The Role, Influence, and Demand of Pedagogies in the Age of Transhumanism: Critical Reflections

The Role, Influence, and Demand of Pedagogies in the Age of Transhumanism: Critical Reflections

Pradeep Kumar Misra
Copyright: © 2019 |Pages: 14
DOI: 10.4018/978-1-5225-8431-5.ch011
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Whether pedagogies play a role in the age of transhumanism is a question that has no certain answers. There are some who say that pedagogies do not play any role in transhumanism while some say that pedagogies appear to play a role in this movement. Agreeing to the later observation, this chapter proposes that pedagogies have a relationship with transhumanism and will play a very important role in the transhumanistic societies of the future. Extending these arguments and observations, present paper assesses the role, influence and demand of pedagogies in the age of transhumanism. In this quest, present chapter: defines pedagogy and discusses its importance; enumerates the relationship between pedagogy and transhumanism; analyses the role of pedagogies in the age of transhumanism; looks upon the influence and demand of pedagogies in the age of transhumanism; and predicts the future of pedagogies in transhumanistic societies.
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Transhumanism is a movement that aims to change humankind by using technical means. This change is intended be a change for the better (Damberger, 2013). Max More, the philosopher and founder of the Extropy Institute, describes transhumanism as a life philosophy, a broad intellectual and cultural movement (More, 2013). This movement includes various scientific disciplines, such as NBIC technologies (nanotechnology, biotechnology, IT and cognitive sciences). In addition to scientific disciplines, the social sciences also play an important role in the transhumanist movement (Vinge, 2013). Transhumanism is rooted in an optimistic belief that technology can help to improve humans and make their everyday lives better and more enjoyable. In the words of Trippett (2018):

It is rooted in the belief that humans can and will be enhanced by the genetic engineering and information technology of today, as well as anticipated advances, such as bioengineering, artificial intelligence, and molecular nanotechnology. The result is an iteration of Homo sapiens enhanced or augmented, but still fundamentally human.

According to More, transhumanism should be guided by life-promoting principles and values (More, 1990). Transhumanism is intended to support human beings to improve on many aspects ranging from physical to mental, as observed by Kimel (2016):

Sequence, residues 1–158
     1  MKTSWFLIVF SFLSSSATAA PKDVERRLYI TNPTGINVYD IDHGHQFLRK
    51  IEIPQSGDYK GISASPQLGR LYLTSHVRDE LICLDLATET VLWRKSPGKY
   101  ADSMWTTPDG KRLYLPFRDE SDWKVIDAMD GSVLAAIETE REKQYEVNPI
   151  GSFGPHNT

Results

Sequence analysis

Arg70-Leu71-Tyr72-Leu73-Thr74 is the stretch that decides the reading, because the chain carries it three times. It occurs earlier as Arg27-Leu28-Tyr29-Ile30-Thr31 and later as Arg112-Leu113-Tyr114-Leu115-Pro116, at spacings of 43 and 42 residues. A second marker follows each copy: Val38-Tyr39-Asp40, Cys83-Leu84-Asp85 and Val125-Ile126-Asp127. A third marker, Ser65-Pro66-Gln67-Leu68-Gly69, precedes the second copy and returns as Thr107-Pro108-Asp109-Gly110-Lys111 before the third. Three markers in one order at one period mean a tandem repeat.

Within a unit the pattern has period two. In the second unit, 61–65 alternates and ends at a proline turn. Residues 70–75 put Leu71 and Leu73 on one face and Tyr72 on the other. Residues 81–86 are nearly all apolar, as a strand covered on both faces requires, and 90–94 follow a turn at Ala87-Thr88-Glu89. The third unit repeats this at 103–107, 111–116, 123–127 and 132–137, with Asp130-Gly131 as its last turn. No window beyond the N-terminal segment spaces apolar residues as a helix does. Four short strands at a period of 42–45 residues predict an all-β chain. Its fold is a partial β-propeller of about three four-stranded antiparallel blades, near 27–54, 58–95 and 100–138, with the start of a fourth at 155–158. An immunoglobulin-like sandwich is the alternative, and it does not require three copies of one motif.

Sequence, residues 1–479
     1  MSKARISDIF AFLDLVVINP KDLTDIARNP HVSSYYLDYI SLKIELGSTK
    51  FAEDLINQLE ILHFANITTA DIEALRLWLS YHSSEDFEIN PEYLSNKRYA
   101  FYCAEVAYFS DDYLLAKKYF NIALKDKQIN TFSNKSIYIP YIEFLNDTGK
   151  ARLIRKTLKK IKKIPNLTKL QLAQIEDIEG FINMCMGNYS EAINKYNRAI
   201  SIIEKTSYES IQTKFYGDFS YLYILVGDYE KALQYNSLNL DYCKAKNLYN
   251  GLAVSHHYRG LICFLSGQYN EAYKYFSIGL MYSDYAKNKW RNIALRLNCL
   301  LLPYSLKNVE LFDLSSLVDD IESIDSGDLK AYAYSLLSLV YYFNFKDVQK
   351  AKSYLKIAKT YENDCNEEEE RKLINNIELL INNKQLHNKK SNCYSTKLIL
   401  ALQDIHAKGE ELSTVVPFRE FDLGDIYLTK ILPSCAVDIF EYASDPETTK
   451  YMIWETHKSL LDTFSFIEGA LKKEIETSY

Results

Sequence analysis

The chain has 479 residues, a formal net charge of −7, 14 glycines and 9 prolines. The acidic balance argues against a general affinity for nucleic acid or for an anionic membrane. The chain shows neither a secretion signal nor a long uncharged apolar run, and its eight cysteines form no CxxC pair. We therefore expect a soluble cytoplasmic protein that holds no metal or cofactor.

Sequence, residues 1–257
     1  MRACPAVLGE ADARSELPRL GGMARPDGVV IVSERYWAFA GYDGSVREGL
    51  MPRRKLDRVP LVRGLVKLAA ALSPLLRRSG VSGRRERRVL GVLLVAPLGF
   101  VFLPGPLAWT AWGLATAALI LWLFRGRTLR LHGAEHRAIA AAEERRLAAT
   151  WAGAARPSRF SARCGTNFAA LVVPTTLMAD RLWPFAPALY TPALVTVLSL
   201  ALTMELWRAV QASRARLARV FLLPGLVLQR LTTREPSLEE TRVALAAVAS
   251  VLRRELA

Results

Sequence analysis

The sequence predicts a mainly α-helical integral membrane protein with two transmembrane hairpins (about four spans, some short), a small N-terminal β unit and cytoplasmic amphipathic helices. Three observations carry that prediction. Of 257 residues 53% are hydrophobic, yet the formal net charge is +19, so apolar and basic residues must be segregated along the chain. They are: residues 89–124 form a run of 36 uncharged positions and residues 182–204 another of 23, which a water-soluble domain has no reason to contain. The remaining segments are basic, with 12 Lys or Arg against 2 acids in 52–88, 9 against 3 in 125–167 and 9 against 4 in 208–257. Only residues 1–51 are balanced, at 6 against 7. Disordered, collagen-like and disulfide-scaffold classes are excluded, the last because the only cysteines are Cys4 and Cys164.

A willingness to empower more people than ever before to be born healthy, intelligent and able to devote long and meaningful lives to love, leisure and lifelong education is, to me, transhumanism at its best- an antidote to postmodern malaise.

These observations let us to propagate that technologies and our ability to select and use them with caution will go hand in hand to maximize the benefit of this movement, as noted by Lilley (2013,p.5), “Even though artifacts are made of different stuff than you and I, they are of the social world. Design and implementation are affected by social, economic, and political decisions.” Considering this complex relationship between men and machine, the role of education becomes very important for transhumanism, as argued by Thomas (2017):

Transhuman possibilities urgently call for a politics with more clearly delineated and explicit humane values to provide a safer environment in which to foster these profound changes. Where we stand on questions of social justice and environmental sustainability has never been more important. Technology doesn’t allow us to escape these questions – it doesn’t permit political neutrality. The contrary is true.

The other notable argument is that understanding transhuman settings as systems of co-creation and co-evolution between humans and technological artefacts can be informed by learning principles. Besides, it is also expected that self-emergent behavior and mutual learning processes will be helpful to implement co-creation and co-evolving systems (Stary, 2017). Therefore, it can be argued that we need a distinctly and differently educated society to understand the concept of transhumanism and have a mindset and behaviour to judiciously and morally use it for betterment of human race. And when we talk about educating a society, the role of pedagogy becomes more than important. Extending this argument, one can say that pedagogies have to play a very unique and important role in the age of transhumanism. Before discussing further on this issue, let’s try to understand that what does pedagogy means and why it is so important?

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